Find this feature in Numéro Homme 44, available in newsstands and on iPad on October 14 2022.
As Omar Sy’s voice resonates, the actor is in Colombia for the shooting of Shadow Force, a film starring Kerry Washington and directed by American filmmaker Joe Carnahan. Travelling across the world has become a habit for the one who happens to be the kind of miracle the history of cinema has rarely known. Making his debut as a hilarious comedian for television, hosting the famous SA V [after-sales service] show along with Fred Testot on Canal+ between 2005 and 2012, the native of Trappes, near Paris, has reached the status of favorite personality in France, without it tarnishing his good-heartedness and his commitment to his work. The stratospheric success of The Intouchables (2011) and of the Netflix show Lupin since 2021 – the shooting of season 3 has finished this year – have not changed the situation. The word that comes to mind when thinking about him is humility, which he claims to have. “I have entered this world by the back door and I am still learning. So, to me, the game is indeed bigger than me and I’m approaching it with a great deal of humility. Cinema is something important, even if it is not serious. I feel like I’m dedicated to that idea.”
Who would have bet on the punchline king to become one of the most sought- after French actors? Surely, not him. “As a child and a teenager, I never imagined any of this would happen to me. I have always been very curious and a chatterbox, the guy with a specific word to add to the conversation. It was my personality trait. As my teachers and my father often told me: ‘You don’t make a living out of it’ [laughs].” It eventually became a profession, through Radio Nova and television, at a key moment. When Omar Sy realized his full potential, he was on the set of Tellement proches [So Close] (2009) by Olivier Nakache and Éric Toledano, the future directors of The Intouchables. In the film, he plays the role of a young doctor facing racism. “There was this headbutt scene that aimed at something other than comedy, with a little social smell. They told me later on: ‘We saw you in a new dimension’. According to them, I could bring something more dramatic. While I didn’t dare to see myself as an actor, they were telling me that I was one and that I should be aware of it.”
When asked about his acting philosophy, the star replies with a joke that is deeper than it sounds. “Some are actors, I am a reenactor [laughs].” Omar Sy sees filming as an arena in which others inspire his work. “I don’t master the technique. I’m an instinctive actor, I learned on the job. I pick up things from my partners, but I can’t really tell you what exactly. The only thing I know is that I like to adapt. You have to remember that I come from a duo. The way I connect to the other, first with Fred Testot, then with François Cluzet in The Intouchables, is my foundation – and my joy still today.”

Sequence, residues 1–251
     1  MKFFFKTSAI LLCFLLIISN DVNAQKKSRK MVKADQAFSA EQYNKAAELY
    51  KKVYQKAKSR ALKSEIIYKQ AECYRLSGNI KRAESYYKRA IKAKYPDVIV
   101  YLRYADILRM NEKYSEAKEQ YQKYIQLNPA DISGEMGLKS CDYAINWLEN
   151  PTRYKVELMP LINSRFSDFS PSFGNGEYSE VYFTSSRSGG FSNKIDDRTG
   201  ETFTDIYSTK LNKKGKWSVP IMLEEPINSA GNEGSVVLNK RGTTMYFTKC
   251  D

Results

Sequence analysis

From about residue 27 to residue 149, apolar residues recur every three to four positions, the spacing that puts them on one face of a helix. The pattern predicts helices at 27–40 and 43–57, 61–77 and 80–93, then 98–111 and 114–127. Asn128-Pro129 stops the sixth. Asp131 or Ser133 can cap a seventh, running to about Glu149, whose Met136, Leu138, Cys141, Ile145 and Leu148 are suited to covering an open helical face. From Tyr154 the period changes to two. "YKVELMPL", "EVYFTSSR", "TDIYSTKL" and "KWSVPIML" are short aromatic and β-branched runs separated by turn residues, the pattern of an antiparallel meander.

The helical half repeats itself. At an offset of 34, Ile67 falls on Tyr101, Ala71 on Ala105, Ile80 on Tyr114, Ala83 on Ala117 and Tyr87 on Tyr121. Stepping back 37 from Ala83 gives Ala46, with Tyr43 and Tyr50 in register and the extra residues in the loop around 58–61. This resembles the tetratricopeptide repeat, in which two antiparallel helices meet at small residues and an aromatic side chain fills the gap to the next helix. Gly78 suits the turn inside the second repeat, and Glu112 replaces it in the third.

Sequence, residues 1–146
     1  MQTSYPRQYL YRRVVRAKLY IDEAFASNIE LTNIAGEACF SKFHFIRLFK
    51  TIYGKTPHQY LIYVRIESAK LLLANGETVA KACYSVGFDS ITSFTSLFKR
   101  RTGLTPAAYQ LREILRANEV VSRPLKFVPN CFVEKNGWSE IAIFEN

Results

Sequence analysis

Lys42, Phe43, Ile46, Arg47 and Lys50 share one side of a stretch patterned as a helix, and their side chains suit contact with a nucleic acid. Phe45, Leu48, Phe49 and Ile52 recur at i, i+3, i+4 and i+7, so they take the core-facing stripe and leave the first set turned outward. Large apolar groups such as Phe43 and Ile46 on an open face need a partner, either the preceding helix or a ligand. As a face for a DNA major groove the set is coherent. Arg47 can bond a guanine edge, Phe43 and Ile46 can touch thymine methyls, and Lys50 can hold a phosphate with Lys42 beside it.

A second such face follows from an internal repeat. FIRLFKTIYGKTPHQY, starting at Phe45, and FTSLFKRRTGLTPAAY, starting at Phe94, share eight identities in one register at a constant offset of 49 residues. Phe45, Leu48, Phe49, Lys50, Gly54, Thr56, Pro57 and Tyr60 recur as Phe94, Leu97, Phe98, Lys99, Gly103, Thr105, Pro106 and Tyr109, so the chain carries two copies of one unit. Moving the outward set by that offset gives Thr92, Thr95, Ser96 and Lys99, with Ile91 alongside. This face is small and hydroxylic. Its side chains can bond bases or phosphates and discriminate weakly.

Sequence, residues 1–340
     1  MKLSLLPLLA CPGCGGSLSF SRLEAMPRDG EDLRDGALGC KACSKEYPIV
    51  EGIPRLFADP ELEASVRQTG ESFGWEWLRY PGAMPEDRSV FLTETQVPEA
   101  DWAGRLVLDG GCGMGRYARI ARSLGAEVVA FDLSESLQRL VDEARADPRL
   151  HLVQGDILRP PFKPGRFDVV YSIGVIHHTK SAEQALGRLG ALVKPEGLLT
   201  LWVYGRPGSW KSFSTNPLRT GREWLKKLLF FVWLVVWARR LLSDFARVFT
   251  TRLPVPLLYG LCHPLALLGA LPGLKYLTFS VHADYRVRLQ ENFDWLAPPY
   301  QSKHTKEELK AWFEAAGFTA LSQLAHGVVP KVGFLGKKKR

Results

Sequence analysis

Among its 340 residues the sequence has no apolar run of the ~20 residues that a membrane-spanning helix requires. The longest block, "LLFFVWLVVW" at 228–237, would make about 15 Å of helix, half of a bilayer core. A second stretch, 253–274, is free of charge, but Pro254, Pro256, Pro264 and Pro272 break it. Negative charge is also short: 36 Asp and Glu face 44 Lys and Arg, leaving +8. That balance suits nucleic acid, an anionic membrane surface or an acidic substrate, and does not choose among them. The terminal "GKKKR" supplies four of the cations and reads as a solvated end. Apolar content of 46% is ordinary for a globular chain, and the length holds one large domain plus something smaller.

While he will soon be on set filming the long-awaited remake of the cult film The Killer directed by John Woo himself, the Cesar-winning actor has established himself as a French icon. Perhaps to the point of embodying a role beyond cinema, as a very notorious black man in a country still plagued by racism... The answer from this father of five is clear: “I don’t see myself as a flag-bearer, I have no political agenda, even if I am obviously interested about what is happening in the world. Morgan Freeman put it this way: ‘As long as we’re still questioning racism, we have a problem.’ The real social and political implications are unconscious. At some point, we stop asking the question and we move on. The same goes for gender equality.” In his own way, Omar Sy has taken part in contemporary debates by starring in Father & Soldier directed by Mathieu Vadepied, about the Senegalese members of the French army – the actor’s family is from Senegal – who were forcibly conscripted during First World War. The film will be released in January 2023. At the end of the screening in Cannes last May, the actor shared this wise phrase: “We don’t all have the same memory, but we all have the same history.”